In the classic fairytale Cinderella, an indentured girl who talks to mice and mops floors on her hands and knees receives a fairy godmother who turns a pumpkin into a carriage. There is sparkly glitter and some Bibbidi-bobbidies, and the whole scene is just swell. In real life, I—a regular girl who rarely touches a mop—get a quick lesson from a glass-blowing aficionado who shows me how to turn a big blob of clear glass into an adorable pumpkin. There are warnings not to burn myself, quite a bit of sweating and brightly colored bits of glass. Put quite simply, it is enchanting.
November is always an interesting month, cinematically speaking. The serious Oscar contenders rear their heads, the holiday family films are released, and a stray R-rated comedy or two makes an appearance for variety's sake. This November is no exception.
Nail polish is all about the color, right? Well, it turns out there’s a little more to it than that. For some insight on getting great manicures, we turned to industry veteran Deborah Lippmann. As luck would have it, her company is now celebrating its 15-year anniversary. Congratulations!
Whether it’s clean and organized or over-the-top opulent, we all have ideas of our dream bathroom. Unsure of what you're looking for? Borrow ideas from these local bathroom projects.
Toastmasters is an international organization with more than 313,000 members in 126 countries. It is a world leader in communication and leadership development.
Next year marks 60 years for the Women of Achievement Award, the longest-running program in St. Louis whose sole mission is to honor and recognize volunteer service and leadership by local women. Nominations are now being accepted.
Whenever I want to experience the beauty of my favorite season within the confines of the city, I make my way to Forest Park and marvel at the surroundings--the jewel-hued treetops, the awe-inspiring architecture and the magnificent monuments.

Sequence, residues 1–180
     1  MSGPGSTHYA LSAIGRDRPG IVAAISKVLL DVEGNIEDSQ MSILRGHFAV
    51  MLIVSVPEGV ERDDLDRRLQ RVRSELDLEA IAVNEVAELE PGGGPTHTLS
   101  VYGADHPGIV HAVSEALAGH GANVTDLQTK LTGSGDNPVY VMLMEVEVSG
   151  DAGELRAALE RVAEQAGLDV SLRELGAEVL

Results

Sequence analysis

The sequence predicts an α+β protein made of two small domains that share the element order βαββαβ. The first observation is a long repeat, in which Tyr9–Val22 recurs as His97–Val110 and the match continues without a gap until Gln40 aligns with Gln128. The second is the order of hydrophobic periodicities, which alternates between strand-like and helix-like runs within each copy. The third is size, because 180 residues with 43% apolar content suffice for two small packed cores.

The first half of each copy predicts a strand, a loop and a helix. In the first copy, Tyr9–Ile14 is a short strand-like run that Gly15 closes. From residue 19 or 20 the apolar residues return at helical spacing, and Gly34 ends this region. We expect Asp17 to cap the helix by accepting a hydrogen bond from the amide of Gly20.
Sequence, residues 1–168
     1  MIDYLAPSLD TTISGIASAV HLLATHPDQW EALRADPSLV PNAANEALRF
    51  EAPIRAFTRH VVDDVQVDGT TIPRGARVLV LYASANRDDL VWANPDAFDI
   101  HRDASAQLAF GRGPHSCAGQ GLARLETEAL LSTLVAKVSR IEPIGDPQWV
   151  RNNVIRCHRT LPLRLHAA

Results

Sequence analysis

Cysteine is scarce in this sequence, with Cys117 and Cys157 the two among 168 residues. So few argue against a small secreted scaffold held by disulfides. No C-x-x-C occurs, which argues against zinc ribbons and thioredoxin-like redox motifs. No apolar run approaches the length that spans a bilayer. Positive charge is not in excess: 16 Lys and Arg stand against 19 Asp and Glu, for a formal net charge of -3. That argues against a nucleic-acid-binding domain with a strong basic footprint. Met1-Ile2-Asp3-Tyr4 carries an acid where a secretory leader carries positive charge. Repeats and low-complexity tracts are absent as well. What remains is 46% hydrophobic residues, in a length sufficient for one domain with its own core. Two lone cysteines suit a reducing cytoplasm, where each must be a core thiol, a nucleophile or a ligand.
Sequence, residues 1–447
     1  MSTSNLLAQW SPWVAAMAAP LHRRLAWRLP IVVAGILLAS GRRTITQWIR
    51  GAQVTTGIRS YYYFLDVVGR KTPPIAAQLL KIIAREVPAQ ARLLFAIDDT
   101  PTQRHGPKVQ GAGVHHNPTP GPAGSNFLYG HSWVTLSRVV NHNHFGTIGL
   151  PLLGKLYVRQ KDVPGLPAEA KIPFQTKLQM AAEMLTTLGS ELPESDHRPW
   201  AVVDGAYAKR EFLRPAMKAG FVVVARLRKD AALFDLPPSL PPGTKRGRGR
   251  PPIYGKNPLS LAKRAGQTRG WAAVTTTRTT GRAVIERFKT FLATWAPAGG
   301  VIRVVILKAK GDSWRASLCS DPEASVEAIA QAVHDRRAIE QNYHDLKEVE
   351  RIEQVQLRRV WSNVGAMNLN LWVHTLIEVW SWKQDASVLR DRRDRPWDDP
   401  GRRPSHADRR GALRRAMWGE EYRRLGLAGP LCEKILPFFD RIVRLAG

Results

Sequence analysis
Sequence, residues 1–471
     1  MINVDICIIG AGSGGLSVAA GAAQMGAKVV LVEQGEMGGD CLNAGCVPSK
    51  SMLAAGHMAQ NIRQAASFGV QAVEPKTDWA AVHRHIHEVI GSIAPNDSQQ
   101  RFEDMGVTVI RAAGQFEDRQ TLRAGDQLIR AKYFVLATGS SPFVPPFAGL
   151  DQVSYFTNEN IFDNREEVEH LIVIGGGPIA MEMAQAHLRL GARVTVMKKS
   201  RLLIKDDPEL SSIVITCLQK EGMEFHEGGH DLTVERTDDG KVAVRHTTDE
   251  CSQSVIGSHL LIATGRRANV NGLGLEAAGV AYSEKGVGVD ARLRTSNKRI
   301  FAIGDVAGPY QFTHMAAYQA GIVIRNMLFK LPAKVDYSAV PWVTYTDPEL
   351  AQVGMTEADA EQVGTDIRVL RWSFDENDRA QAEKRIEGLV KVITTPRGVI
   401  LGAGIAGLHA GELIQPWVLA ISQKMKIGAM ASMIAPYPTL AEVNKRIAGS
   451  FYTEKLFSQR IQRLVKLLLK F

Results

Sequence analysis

With the arrival of fall, so come all the cravings of the season: squash of all varieties—including and especially pumpkin—apples, caramel (or apples dipped in caramel), and bacon and chocolate. (OK, those last two can apply to any season.)
This week we introduce the remaining designer teams for the 2014 Ladue News Show House. See their work on display at 34 Briarcliff in Ladue Oct. 11 – 19.
When Annie Seal’s oldest daughter was in high school, she was diagnosed with an eating disorder. Although the teen wasn’t showing signs of extreme weight loss that are typically associated with such disorders, Seal had noticed unexplainable extreme mood swings. “For a long time, I thought my daughter was just a teenager,” Seal says. “She was just not herself. My sweet girl was gone, and in her place was someone I didn’t recognize who was emotional, moody and always unhappy. It was beyond the normal adolescent; but she was my oldest, so I thought maybe this is really how adolescents behave.”
Millions of Americans travel for business purposes, and staying healthy is important to making the most of any trip. Jayne McAllister of Jayne McAllister Travel Wellness works with companies across the country to help ensure that employees have all the tips and tools they need to minimize the risk of becoming ill while traveling. She recently shared some advice with LN.
As the St. Louis food scene continues to flourish, home chefs are able to choose from more and more locally made products to enjoy with their families. But what to make? Keep reading for ideas from four area foodies on how to use their goods in your own kitchen.
My mom is an amazing cook—so much so that I never really learned how to do it myself. Sure, she had me help prep ingredients, stir this or mix that, but I left the heavy lifting to her—dinners just turned out better that way. Now that I’m a ‘grown-up,’ I have begun dipping my toes into cooking, to mixed results (and, if I’m being honest, several burned, bland or otherwise inedible meals). So when the opportunity arose to take a cooking class at Schnucks, I jumped at it faster than I can reach for a takeout menu.